The Centers for Disease Control and Prevention late Thursday endorsed booster shots for millions of older and high-risk Americans, opening a major new phase in the U.S vaccination drive against COVID-19.
CDC Director Dr. Rochelle Walensky signed off on a series of recommendations from a panel of advisers hours after the advisers said boosters for the Pfizer-BioNTech COVID-19 vaccine should be offered to people 65 and older, nursing home residents and those ages 50 to 64 who have risky underlying health problems. The extra dose would be given once they are at least six months past their last Pfizer shot.
But Walensky decided to make one recommendation that the panel had rejected.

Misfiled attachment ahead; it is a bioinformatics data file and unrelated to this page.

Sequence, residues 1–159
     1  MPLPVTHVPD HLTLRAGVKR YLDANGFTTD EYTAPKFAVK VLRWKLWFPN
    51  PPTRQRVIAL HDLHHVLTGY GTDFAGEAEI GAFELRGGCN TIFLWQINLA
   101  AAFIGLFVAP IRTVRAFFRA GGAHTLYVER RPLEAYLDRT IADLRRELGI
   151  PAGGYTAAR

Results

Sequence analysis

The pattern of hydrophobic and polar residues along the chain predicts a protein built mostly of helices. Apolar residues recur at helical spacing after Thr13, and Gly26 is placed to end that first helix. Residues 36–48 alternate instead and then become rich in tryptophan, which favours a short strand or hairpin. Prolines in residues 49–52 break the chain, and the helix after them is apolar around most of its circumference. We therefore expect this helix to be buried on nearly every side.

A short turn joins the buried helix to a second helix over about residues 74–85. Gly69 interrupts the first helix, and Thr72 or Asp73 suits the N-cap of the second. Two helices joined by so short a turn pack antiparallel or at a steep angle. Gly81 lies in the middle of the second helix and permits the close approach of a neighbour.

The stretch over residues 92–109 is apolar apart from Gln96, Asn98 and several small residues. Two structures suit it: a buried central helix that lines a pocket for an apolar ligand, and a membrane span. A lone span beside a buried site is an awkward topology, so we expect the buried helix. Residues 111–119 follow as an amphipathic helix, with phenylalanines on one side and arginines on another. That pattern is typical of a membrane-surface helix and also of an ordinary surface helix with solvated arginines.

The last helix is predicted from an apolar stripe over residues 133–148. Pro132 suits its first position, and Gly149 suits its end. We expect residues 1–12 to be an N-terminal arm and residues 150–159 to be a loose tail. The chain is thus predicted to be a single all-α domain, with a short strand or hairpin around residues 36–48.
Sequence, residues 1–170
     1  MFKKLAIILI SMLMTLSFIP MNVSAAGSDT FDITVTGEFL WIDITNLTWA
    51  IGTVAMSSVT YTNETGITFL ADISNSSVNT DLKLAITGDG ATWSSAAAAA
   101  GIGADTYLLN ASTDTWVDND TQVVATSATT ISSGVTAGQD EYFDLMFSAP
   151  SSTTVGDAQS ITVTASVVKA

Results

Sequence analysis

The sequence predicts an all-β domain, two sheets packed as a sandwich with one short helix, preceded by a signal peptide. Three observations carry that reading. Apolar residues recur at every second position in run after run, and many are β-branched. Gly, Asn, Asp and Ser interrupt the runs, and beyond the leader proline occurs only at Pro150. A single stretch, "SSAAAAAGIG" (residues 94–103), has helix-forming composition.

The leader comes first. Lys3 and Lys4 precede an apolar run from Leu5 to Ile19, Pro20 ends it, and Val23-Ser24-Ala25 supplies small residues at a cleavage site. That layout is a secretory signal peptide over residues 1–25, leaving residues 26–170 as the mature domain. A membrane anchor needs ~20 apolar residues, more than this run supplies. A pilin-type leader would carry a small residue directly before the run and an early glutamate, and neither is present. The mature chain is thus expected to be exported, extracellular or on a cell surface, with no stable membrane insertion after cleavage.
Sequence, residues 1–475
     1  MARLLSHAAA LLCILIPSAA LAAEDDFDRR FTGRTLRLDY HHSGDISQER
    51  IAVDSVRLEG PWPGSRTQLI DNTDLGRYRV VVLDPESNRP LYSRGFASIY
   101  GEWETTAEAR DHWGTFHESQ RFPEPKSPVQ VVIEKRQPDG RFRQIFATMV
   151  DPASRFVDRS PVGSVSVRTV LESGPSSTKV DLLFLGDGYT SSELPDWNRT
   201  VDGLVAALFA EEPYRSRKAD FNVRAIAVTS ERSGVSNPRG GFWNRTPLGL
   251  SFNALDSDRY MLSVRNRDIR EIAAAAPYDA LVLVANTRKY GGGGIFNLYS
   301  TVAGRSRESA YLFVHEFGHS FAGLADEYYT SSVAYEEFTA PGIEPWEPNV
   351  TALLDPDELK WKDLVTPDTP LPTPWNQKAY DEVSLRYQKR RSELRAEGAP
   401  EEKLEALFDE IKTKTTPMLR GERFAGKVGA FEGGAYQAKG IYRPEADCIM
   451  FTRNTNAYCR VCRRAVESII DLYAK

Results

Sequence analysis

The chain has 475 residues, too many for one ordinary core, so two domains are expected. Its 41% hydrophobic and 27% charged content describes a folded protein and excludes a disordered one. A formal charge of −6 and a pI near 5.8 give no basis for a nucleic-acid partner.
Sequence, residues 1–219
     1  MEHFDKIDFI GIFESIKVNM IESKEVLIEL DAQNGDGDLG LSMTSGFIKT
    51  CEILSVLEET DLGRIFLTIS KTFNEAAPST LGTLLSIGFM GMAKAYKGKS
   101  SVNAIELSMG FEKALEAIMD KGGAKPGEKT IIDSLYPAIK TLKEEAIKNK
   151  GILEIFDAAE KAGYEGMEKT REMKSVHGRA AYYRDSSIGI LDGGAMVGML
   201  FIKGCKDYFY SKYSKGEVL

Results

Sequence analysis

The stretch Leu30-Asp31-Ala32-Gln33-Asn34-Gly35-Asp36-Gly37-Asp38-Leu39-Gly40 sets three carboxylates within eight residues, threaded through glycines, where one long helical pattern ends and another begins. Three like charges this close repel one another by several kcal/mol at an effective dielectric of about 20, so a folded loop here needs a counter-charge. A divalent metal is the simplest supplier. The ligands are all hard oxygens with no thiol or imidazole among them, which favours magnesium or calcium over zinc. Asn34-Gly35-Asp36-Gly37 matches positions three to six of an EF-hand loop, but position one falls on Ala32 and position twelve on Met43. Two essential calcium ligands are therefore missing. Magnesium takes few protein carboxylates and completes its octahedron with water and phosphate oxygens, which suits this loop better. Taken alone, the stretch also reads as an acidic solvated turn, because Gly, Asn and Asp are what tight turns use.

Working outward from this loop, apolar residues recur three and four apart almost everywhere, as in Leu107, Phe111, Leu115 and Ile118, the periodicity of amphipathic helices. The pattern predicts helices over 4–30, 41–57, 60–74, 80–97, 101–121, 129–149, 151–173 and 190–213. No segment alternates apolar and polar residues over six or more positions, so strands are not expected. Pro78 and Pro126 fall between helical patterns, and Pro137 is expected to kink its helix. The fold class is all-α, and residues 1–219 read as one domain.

The panel on Thursday voted against saying that people can get a booster if they are 18 to 64 years of age, are healthcare workers or have another job that puts them at increased risk of being exposed to the virus.
But Walensky disagreed and put that recommendation back in, noting that such a move aligns with an FDA booster authorization decision earlier this week.
People who have gotten two shots and decide not to get a third will still be considered fully vaccinated, the CDC said.